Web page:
Peripherals pay for forests

truffler1635 at truffler1635 at
Fri Nov 5 13:21:06 EST 1999

In article <#yLpF93J$GA.352 at cpmsnbbsa05>,
  "Christopher Erickson" <chrerick at> wrote:
> To comments on the definition of sustainable:
> 1) A good working definition should also address economic issues.
Agreed. But be sure to include _all_ of the usages those forests
provide, i.e. habitat, water, carbon sink, recreation, and all the other
aspects that the forest service currently is saddled with. The basic
problem with 6 billion people on earth is a finite forest resource, with
_far_ too much pressure on extractive resources. Economics at the
expense of healthy forests is _not_ sustainable. And I have yet to see
anything coming out of the Republican-controlled Clinton Legislature
that even approaches sustainability: it is merely political bickering
over who gets the most of the resource.

The problem with politics is that it has little to do with science. A
group of politicians would try to create pi as 3. Politics is the art of
compromise, NOT science. Placing forestry in the realm of politics is as
sure to elminate forests as placing forests off-limits to management.
> 2) Is sustainability defined at the micro level (e.g., at the plot, or
> forest level) or at the macro level (e.g., ecosystem, world). If we practice
> sustainable forestry in Oregon, thus limiting the supply of timber from the
> Cascades, and this causes customers to substitute timber from the much more
> environmentally sensitive area -- is that sustainable forestry?

I don't know. But who says that timber from the Cascades is less
sensitive than other areas? It there actually any science to base this
opinion on? In terms of biodiversity, a single square food of soil in
temperate forests (such as the Cascades) has been shown to be
biologically more diverse than a hectare of tropical rain forest.

At this time, it makes more sense to be considering alternative products
from forests: truffles, mushrooms, burls, branches, non-tree plants,
water, carbon sequestering, recreation, aquaculture, etc. Example: a
tree farmer nearby planted nearly 600 acres of trees. The purpose: to
protect his water supply which feeds about 6 acres of ponds in which he
grows trout. For every acre of surface area in these ponds, he expects
to receive $100,000 per year from fish. The trees are a long-term crop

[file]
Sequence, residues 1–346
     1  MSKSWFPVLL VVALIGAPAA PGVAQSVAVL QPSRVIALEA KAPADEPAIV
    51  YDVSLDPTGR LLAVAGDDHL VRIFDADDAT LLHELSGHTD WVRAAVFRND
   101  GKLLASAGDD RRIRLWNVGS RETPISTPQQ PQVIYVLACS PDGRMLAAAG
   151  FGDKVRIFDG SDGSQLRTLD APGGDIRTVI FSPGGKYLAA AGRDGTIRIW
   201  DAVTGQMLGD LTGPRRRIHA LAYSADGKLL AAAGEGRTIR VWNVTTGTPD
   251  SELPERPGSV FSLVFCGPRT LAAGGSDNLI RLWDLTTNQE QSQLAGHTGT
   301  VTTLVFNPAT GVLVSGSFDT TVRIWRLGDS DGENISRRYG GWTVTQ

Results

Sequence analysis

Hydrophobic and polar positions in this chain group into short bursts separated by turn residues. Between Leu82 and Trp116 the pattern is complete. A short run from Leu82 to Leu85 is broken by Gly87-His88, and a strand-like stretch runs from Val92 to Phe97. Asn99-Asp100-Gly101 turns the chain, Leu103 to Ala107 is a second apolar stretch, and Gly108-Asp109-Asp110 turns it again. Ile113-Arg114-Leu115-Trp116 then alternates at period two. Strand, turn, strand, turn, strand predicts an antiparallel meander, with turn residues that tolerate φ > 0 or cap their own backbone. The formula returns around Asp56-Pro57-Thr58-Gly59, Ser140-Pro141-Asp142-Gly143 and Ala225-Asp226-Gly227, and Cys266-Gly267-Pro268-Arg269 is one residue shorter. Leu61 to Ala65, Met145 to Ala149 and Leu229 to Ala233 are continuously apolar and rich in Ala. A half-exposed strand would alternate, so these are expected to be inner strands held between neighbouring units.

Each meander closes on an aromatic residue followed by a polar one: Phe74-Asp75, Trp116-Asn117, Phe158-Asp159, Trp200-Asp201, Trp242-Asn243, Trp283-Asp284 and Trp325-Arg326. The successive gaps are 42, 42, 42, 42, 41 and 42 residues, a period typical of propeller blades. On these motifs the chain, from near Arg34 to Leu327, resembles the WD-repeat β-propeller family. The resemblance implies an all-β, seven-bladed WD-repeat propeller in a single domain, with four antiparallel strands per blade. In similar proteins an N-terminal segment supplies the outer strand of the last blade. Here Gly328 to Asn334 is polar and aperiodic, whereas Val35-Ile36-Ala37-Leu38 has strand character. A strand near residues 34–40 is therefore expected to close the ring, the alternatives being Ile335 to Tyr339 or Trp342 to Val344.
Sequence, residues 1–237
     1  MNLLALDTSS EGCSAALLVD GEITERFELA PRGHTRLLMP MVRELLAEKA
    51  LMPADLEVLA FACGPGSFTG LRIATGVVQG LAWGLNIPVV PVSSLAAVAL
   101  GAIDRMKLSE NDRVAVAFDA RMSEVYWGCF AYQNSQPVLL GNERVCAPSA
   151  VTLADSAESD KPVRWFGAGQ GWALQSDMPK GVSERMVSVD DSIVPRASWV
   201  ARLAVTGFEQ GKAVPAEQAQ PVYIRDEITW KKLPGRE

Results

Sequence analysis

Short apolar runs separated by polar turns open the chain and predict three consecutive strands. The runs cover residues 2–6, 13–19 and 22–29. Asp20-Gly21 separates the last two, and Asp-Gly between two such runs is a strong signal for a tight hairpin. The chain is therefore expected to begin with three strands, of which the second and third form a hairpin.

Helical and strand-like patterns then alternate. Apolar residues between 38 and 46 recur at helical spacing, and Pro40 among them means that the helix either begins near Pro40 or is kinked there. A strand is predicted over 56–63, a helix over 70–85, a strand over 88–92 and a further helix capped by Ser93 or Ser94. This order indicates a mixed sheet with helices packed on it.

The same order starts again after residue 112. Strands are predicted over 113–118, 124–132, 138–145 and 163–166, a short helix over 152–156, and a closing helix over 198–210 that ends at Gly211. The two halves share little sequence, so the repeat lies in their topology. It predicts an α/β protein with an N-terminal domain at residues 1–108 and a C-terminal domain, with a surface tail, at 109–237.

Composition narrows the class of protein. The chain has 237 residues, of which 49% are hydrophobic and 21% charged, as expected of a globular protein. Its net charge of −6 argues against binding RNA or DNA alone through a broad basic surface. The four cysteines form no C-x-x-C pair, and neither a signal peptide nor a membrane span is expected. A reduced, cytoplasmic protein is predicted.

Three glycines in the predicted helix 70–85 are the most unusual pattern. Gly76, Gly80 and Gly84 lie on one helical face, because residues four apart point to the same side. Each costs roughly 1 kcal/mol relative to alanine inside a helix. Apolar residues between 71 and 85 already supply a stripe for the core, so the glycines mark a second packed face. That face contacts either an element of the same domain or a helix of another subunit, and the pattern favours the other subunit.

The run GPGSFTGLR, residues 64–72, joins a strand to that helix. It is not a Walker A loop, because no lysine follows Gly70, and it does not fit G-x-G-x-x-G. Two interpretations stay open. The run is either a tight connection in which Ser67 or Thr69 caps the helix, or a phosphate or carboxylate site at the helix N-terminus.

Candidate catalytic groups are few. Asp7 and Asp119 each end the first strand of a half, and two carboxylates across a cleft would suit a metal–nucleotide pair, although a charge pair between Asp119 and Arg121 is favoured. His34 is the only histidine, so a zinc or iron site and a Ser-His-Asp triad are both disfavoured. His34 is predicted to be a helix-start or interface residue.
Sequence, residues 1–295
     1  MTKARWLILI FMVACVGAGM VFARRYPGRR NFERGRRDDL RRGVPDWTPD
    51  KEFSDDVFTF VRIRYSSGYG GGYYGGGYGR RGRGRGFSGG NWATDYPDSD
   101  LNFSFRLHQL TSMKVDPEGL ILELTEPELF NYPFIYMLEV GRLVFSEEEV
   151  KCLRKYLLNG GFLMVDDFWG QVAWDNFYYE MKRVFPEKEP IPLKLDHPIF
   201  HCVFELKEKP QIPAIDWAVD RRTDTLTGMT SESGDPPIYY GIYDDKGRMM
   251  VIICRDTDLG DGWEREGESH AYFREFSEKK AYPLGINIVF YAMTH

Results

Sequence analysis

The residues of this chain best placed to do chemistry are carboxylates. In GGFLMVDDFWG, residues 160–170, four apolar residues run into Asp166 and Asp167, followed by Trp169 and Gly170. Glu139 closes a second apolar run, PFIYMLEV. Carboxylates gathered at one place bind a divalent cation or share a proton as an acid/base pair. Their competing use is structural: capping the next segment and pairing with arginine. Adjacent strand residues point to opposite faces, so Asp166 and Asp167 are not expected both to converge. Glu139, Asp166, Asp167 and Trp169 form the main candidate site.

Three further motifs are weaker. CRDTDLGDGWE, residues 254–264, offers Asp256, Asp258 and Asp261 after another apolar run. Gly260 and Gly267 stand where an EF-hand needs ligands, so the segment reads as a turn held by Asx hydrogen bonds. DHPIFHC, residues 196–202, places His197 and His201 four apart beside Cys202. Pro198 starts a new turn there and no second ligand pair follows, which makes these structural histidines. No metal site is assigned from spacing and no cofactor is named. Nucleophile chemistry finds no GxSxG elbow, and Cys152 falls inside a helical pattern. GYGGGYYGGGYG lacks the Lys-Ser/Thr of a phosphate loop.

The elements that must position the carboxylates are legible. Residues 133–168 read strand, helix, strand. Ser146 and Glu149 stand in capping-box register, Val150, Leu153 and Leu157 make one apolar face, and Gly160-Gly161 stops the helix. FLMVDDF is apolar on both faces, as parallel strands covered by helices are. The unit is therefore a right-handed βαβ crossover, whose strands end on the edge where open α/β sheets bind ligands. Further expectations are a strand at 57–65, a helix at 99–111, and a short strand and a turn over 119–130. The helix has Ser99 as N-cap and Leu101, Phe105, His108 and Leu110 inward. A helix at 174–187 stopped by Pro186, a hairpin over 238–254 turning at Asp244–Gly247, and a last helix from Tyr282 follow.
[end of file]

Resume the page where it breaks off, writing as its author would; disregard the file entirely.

that he hopes even his children's children don't have to touch.

Such options are admittedly not for everyone in every case. But there
_are_ options.

Another example: given an option to harvest his Christmas trees or grow
truffle-bearing trees, Paul Bishop Sr. opted for the later. After we
learned how to grow truffles with his trees, some of them have produced
over 1 pound a year. Those truffles may be worth $200-500/lb this year
(providing we find any during this exceptionally dry year). At that
rate, irrigation of truffle-producing trees is a definite economic
possibility, since the stand historically has produced between 300 and
1300 pounds per acre per year. Truffles in this particular stand yeild
crops from September through June of most years. There are at least 10
species of truffle which have been collected on the property, and
another 50 species of other hypogeous fungi which are just now starting
to have value as ectomycorrhizal innoculant.

I have been contacted by other people in other countries as well about
mushroom cultivation in conjunction with intensive forestry. Ignoring
fungi in forestry is like ignoring those annoying green things on plants
called leaves. If the only resource from forested land is timber, it is
time to diversity. Check up on other biological, medicinal, botanical,
food sources from your trees.

This is not a new idea. I first read about it in J. Russell Smith's Tree
Crops, which was published about 1930! How many nut orchards are present
in the US as a result?

By diversification of forest products, foresters insulate themselves
from price variations of one year to another; you increase tremendously
the number of potential income sources at any given time; trees become
more than just "board feet", but "board feet" remain a long-term option
at all times.

Which makes more "economic" sense: harvesting an 80-year old Douglas fir
for a potential income of $1500, or harvesting truffles from the same
tree for 60 years at 1/2 pound per year and $200/lb (60x.5x$200=$6000)
which _still_ leaves the landowner with a tree worth $1500?

I'm once again reminded of what Paul Stamets said in one of his talks to
the Oregon Mycological Society (paraphrased because I didn't have a tape
recording going):

"In my hand I hold 1c worth of sawdust (alder, maple, hardwood, mostly
"weed" trees in the PNW). From it is fruiting $10 worth of shiitake
mushrooms. Which is more valuable?

Daniel B. Wheeler

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